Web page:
ANDREW E KRAMER
The race lasted only a few seconds and ended with the sound of a gunshot. Shamil Abdulayev,who was 24 years old at the time,had tried to run away from a group of men he knew was bent on abducting him. They wore ski masks and travelled in a white Lada sedan with tinted windows.
My boy was wounded in the leg,and witnesses said they hit him on the head with a rifle butt,put handcuffs on him and threw him in the car, Patimat Abdulkadyrova,his mother,said of the episode this summer. The car drove away,disappearing into the traffic together with Abdulayev.
The 2014 Winter Olympics in Sochi,Russia,are four months away,but residents of Makhachkala,the capital of Dagestan,say they have been feeling the effects for months. The authorities,determined not to have the festivities marred by a terrorist attack,are clamping down on the seething North Caucasus region which lies uncomfortably close to the Olympic city picking up people suspected of being militants,detaining them without charges,human rights activists say.
The North Caucasus republics of Chechnya and Dagestan,which have long been the sites of an Islamic insurgency and terrorist attacks,are home to the bloodiest current conflict in Europe,the International Crisis Group said in a report. Last year,the fighting killed 700 people and wounded 525,it said. In the first half of this year,242 died and 253 were wounded.
The Caucasus Emirate,the main Islamist terrorist group in the region,released a video in July calling on supporters to attack the Olympics,which the group said were being held on the bones of dead Muslims. For a time,Russia tried amnesties and economic development to counter the violence,including an idea to build ski resorts in mountain provinces to coincide with the Olympics. The Caucasus Emirate responded by blowing up a ski lift.
With the approach of the Olympics,all soft measures are being overturned,Varvara Pakhomenko,a researcher at the International Crisis Group,said. We are seeing in Dagestan the explosion of homes of relatives of militants,enforced disappearances and torture.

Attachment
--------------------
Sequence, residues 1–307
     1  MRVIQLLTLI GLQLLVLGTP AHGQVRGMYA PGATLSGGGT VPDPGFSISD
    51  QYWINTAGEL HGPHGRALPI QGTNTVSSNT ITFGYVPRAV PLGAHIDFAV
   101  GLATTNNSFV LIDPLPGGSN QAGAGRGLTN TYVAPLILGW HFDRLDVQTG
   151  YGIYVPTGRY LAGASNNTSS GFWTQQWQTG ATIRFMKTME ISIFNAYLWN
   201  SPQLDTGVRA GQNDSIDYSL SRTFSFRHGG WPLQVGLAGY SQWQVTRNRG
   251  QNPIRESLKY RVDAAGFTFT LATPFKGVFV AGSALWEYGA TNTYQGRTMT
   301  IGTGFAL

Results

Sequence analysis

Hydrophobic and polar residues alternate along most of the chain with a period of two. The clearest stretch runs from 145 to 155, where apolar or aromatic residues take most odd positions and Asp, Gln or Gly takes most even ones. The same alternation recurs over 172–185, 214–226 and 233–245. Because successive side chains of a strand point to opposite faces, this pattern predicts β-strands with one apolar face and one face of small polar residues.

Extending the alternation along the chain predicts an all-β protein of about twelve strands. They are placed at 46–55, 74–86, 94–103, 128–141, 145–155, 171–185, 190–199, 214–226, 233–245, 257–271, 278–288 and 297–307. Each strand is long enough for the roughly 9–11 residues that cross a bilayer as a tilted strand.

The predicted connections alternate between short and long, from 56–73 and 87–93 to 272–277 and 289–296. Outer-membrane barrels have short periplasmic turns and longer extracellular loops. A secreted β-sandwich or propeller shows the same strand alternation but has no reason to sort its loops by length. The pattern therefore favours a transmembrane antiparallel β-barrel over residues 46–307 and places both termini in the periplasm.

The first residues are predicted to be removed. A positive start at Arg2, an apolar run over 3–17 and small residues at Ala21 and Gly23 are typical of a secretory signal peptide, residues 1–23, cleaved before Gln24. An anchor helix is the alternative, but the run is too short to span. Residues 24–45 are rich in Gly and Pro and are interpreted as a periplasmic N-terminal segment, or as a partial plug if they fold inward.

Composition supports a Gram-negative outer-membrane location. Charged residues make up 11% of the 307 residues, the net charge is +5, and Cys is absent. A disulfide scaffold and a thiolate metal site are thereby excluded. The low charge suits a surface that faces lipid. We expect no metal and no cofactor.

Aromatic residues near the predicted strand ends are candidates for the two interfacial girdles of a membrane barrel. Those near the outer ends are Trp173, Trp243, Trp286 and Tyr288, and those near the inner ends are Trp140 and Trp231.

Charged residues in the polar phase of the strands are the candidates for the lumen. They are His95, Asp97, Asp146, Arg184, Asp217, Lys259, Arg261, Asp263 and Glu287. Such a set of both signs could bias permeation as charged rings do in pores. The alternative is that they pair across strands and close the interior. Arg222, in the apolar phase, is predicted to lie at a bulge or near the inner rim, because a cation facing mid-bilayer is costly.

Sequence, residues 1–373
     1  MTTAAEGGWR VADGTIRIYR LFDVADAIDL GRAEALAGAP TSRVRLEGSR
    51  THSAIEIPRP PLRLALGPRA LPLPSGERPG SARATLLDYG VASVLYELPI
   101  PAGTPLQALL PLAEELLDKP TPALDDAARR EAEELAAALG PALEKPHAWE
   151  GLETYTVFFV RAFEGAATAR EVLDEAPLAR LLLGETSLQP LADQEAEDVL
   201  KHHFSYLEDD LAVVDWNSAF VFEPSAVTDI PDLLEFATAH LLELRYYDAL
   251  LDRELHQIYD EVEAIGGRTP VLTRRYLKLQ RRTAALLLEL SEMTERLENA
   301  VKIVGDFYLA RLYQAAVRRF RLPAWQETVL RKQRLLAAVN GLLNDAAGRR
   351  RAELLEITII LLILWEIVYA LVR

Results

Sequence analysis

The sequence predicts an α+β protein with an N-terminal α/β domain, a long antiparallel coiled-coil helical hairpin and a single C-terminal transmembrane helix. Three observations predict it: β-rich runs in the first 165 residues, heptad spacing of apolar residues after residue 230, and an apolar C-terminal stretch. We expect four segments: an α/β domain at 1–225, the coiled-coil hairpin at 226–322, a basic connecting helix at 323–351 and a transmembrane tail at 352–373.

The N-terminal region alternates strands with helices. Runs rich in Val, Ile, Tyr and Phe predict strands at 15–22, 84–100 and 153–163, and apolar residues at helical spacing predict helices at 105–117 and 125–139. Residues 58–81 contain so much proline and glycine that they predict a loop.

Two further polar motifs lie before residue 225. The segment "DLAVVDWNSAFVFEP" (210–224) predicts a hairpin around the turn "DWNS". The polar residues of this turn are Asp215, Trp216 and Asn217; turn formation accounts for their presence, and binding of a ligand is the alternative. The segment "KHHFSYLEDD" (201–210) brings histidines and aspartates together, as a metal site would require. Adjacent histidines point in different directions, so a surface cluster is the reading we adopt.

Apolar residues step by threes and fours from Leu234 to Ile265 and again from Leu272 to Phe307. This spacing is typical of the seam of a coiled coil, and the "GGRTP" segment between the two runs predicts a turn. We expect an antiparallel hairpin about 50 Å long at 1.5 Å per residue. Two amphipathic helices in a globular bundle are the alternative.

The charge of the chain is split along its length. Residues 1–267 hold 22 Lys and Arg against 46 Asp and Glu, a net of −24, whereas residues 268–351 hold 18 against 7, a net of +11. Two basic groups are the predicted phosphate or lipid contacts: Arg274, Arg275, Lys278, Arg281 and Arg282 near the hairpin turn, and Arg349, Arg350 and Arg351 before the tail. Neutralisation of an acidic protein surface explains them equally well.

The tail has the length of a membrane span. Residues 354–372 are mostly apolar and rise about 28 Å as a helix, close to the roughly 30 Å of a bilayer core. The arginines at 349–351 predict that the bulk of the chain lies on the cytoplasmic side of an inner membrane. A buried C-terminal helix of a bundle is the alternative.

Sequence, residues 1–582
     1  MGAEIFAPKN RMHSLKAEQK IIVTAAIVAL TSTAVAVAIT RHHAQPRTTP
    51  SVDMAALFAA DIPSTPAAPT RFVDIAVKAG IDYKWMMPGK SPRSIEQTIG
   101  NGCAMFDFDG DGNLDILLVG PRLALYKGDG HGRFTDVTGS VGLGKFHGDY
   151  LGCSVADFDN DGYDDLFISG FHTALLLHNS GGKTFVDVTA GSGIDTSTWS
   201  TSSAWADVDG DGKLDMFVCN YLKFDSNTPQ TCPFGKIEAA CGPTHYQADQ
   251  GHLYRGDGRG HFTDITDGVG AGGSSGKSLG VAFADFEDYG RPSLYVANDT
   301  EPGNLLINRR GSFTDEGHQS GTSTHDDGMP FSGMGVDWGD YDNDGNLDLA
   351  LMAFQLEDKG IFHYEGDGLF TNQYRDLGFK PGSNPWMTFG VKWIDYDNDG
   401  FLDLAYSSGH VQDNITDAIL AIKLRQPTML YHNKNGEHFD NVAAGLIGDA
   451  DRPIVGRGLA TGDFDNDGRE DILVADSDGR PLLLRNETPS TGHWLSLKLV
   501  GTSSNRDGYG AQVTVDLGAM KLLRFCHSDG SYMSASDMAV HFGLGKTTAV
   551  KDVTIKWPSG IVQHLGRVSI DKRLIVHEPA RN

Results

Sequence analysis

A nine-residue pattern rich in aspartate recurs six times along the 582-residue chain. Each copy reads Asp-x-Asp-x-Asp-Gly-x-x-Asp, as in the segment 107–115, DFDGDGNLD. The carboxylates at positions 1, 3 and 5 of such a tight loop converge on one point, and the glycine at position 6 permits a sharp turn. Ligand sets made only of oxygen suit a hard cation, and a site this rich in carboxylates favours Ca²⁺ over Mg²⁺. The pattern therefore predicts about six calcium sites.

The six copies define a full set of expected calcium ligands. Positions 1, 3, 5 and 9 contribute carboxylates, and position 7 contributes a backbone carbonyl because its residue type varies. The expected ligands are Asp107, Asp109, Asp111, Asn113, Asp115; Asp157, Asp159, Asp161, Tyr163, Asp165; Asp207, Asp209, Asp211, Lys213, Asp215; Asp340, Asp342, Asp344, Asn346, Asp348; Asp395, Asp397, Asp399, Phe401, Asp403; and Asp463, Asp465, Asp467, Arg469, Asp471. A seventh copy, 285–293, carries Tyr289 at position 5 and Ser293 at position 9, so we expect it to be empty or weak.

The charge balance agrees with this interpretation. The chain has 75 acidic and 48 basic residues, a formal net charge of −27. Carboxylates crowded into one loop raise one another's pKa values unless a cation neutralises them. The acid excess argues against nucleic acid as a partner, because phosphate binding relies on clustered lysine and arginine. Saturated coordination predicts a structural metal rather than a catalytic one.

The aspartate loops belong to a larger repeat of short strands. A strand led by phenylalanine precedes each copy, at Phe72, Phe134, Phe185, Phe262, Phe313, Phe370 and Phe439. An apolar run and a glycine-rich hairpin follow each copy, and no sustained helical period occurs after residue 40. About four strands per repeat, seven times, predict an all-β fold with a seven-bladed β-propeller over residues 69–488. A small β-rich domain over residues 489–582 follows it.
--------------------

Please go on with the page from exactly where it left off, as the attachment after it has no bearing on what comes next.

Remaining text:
Economic development never went far in Makhachkala,a forlorn city that received a measure of attention in the spring as the occasional home of the family of the Boston Marathon bombing suspects,Tamerlan and Dzhokhar Tsarnaev.
In September,President Vladimir V Putin said the military and Interior Ministry should act more forcefully to improve security before the Olympics,but the crackdown began as long ago as January,rights groups say.
The region,not exactly at war but never having achieved peace,is mired in what resembles a Latin American-style dirty war. Abductions have been a signature,if unacknowledged,element of Russias anti-insurgency tactics for years. Reported instances of enforced disappearances have increased since January,when a new regional governor arrived in Dagestan and shifted the approach to security ahead of the Olympics,as per Memorial,a Russian rights group.
So far this year,58 people have been abducted by men in unmarked cars,19 of whom disappeared altogether,though leaving clues pointing to the security services,according to the groups office in Makhachkala. A considerable part of the mayhem stems from blood feuds festering among the families of security agents and the families of the militants. The Kremlin has acknowledged this problem,and it has cracked down on local officials accused of using their positions to further personal feuds.
Residents of Makhachkala learned in September that federal investigators had accused their former mayor,Said D Amirov,of plotting a terrorist attack using a small shoulder-fired anti-aircraft missile. The investigators said Amirov was planning to use the missile to shoot down the airplane of the head of the Dagestan pension fund,the newspaper Kommersant reported,and to pin the blame on militants. The plot failed,the article said,only because the mayor and two accomplices could not find anybody trained to fire the missile. Amirov says he has survived 16 assassination attempts by his enemies,leaving him using a wheelchair.
So far it remains unclear whether the reported increase in abductions of people suspected of being militants or the openly stated policy of arresting local officials accused of corruption is having much effect.
Ramazan J Jafarov,the deputy premier for security in Dagestani regional government,denied that the police secretly detained suspects. Residents and human rights advocates scoffed at his denials.
After Abdulayev vanished in June,doctors at a hospital told relatives they had released him to the police after treatment,said his mother. We have been asking every day for months,and they say,We have not found your son. God willing, she whispers,this will come to a conclusion soon.